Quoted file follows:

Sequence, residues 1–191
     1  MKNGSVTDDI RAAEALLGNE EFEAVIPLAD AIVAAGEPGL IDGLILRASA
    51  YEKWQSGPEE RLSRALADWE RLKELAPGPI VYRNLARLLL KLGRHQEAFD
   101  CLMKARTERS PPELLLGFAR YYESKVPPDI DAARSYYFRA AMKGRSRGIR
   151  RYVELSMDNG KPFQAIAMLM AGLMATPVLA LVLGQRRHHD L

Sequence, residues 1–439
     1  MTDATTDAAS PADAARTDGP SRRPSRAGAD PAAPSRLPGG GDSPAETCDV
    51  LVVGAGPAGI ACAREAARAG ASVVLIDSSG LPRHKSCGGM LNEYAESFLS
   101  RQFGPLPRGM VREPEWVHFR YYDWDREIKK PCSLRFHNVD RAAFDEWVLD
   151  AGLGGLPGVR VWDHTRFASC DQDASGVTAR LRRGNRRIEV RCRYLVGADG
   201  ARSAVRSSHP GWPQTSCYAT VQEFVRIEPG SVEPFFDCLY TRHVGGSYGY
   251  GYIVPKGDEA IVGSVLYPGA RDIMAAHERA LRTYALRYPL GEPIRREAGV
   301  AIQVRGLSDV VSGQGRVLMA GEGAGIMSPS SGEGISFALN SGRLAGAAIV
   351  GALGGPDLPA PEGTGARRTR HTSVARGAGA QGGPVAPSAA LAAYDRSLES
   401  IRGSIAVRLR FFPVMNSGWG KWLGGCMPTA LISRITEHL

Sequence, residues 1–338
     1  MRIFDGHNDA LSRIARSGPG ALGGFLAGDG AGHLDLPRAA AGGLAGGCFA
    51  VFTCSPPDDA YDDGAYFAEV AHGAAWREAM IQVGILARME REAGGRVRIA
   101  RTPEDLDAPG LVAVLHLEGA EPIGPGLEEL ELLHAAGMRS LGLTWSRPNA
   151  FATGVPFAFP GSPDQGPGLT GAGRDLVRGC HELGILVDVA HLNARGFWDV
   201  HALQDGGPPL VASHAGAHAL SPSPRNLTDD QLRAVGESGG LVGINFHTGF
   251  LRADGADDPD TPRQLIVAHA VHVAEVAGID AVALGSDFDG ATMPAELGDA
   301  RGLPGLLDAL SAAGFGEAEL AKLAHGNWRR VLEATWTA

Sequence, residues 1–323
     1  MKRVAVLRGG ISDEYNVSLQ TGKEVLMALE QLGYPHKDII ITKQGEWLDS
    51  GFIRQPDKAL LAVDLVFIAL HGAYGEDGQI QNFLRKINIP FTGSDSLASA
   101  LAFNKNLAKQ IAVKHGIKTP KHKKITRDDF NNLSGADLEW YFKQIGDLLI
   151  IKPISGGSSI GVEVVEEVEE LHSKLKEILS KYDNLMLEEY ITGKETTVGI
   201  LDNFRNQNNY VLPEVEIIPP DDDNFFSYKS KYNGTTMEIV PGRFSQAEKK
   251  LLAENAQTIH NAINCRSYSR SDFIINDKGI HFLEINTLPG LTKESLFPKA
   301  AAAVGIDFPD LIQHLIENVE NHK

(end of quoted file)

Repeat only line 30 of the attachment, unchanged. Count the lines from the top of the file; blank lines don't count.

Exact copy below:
   251  LLAENAQTIH NAINCRSYSR SDFIINDKGI HFLEINTLPG LTKESLFPKA